Student Contest: Announcing the Public Health Data Challenge
October 9, 2018
American Statistical Association’s (ASA) annual fall data challenge for students is back!
This year’s Public Health Data Challenge will turn the spotlight on the impact statistics has to improve public health with a focus on the opioid addiction crisis.
If you want to learn first-hand how statistics can make a difference in the world, this is the contest for you!
Here’s how it works:
Groups of two to five students will dive into the CDC dataset available via the Center for Disease Control and Prevention webpage, teams may identify and utilize external datasets, along with any other external resources that provide helpful statistics. Using that information and your best statistical thinking, make recommendations for innovative solutions to enhance public health (some additional datasets can be found on the Public Health Data Challenge webpage).
The rules for this contest are fairly minimal, but there are a few things you need to know:
- Teams must comprise 2-5 students currently enrolled in high school or college (undergrad) in the United States or Canada
- Each team must have a sponsor such as a teacher, professor or parent
- Final essays explaining the analysis process and PowerPoint presentations (up to 10 slides) must be submitted by Monday, Nov. 12, 2018, at 11:59 p.m. Eastern Time via the submission guide on the website
- Awards will be given in the categories of Best Overall Analysis, Best Visualization, and Best Use of External Data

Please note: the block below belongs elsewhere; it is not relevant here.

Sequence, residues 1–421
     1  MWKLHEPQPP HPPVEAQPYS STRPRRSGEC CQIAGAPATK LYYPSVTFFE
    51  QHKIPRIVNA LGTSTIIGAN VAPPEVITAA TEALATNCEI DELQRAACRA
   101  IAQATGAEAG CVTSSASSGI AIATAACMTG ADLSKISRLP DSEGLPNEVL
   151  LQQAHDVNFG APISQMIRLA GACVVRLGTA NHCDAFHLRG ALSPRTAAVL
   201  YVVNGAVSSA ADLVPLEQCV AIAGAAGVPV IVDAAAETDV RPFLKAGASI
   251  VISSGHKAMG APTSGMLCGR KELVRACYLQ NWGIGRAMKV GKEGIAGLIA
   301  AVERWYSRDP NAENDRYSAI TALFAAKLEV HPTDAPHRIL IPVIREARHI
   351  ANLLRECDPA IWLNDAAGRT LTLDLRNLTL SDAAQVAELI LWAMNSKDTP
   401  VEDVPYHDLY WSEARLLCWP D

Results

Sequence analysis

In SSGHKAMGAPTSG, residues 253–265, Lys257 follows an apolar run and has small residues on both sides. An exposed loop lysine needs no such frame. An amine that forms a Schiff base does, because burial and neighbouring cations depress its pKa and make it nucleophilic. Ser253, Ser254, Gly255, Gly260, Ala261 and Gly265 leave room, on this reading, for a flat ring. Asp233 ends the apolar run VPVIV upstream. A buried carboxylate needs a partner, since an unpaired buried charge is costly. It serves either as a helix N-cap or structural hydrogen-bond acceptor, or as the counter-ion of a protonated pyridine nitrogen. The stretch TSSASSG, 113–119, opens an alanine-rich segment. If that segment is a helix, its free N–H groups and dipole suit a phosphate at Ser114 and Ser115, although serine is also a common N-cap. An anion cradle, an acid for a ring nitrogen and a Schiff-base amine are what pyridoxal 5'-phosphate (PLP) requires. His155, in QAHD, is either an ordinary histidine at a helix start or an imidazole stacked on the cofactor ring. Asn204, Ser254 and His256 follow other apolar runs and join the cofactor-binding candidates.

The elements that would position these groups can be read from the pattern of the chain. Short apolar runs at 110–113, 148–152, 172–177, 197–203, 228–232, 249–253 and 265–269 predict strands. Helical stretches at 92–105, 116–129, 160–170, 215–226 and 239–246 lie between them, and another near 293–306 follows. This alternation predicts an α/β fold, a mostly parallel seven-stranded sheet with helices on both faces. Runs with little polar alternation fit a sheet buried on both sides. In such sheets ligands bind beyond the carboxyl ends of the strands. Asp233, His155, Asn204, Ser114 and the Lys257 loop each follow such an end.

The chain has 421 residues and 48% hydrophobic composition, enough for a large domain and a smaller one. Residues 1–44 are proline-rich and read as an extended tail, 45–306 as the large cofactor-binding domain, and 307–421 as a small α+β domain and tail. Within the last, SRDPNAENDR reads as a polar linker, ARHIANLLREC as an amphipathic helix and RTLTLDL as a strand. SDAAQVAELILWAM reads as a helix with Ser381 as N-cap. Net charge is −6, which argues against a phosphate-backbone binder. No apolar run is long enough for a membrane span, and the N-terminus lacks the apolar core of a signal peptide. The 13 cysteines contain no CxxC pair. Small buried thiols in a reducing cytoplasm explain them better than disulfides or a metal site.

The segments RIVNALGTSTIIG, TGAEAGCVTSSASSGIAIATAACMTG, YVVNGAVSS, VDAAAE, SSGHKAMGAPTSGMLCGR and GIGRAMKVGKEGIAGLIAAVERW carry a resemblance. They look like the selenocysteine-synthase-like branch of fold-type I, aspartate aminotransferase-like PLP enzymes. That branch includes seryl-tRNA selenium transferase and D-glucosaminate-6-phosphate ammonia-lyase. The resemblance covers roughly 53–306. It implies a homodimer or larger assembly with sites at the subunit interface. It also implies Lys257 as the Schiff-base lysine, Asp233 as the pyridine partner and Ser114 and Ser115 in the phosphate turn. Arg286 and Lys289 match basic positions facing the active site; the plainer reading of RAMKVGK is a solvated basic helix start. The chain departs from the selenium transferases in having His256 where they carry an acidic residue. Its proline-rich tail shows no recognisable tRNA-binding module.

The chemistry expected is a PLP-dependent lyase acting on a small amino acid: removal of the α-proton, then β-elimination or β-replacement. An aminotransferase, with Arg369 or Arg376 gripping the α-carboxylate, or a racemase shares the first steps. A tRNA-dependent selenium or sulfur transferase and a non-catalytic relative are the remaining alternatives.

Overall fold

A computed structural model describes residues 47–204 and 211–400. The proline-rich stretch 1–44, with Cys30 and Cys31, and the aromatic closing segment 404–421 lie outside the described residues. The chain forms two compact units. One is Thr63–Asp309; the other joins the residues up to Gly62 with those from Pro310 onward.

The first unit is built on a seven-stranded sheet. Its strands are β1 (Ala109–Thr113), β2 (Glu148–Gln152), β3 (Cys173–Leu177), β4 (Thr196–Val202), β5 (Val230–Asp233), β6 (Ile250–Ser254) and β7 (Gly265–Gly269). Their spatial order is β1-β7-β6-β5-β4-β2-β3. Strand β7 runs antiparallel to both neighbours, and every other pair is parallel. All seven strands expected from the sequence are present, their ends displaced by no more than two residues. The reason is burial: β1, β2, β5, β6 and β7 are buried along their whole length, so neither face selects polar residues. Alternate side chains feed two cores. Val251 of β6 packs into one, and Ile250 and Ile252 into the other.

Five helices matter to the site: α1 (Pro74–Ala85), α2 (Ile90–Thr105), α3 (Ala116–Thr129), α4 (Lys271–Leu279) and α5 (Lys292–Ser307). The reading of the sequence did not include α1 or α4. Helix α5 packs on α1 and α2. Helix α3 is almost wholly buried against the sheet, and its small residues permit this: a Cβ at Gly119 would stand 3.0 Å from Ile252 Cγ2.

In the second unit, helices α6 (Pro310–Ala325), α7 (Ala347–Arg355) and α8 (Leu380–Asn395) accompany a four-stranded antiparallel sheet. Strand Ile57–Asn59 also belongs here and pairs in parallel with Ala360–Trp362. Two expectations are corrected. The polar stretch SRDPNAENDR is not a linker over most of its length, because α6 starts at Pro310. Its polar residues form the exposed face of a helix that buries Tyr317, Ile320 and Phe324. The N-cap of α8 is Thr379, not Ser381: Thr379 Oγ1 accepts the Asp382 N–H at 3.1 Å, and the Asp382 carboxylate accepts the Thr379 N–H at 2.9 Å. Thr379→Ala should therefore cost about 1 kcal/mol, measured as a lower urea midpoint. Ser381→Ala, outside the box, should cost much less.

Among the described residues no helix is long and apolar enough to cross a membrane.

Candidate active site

- Team prizes include a $50 Amazon gift card, ASA student memberships, and Public Health Data Challenge 2018 t-shirts
The complete contest rules and requirements are available for download here.
Stay tuned to ThisisStatistics.org and our Facebook, Twitter, and Instagram pages for more information, including a post with additional resources for contest participants, and more about the amazing judges who will be reviewing your work.
Submit your presentation here.
If you have any questions, please email us at firstname.lastname@example.org. We’re here to help!
Meet Sharon Hessney, the Educator Behind the New York Times Learning Network’s “What’s Going On In This Graph?”
Sharon Hessney is an award-winning mathematics teacher in Boston and graph curator for the New York Times Learning Network’s “What’s Going In This Graph?” feature. She gave This is Statistics an in-depth look into her work and advice for students looking to start careers in the statistics field. Who inspired you to work in statistics education? The Advanced Placement Statistics community of experienced statistics teachers. AP Statistics emphasizes…
Thanks to all the students, parents and teachers who celebrated 2020 graduates with us by entering the June #StatsGrad contest! We’ve enjoyed looking through the your messages and videos submitted during our 2020 #StatsGrad contest. We’re excited to announce Erin Bugbee as this year’s winner! Erin received her Bachelor of Science degree with honors in statistics and Bachelor of Arts degree in behavioral decision sciences from Brown University. She is excited to continue her studies at Carnegie Mellon University as a behavioral decision…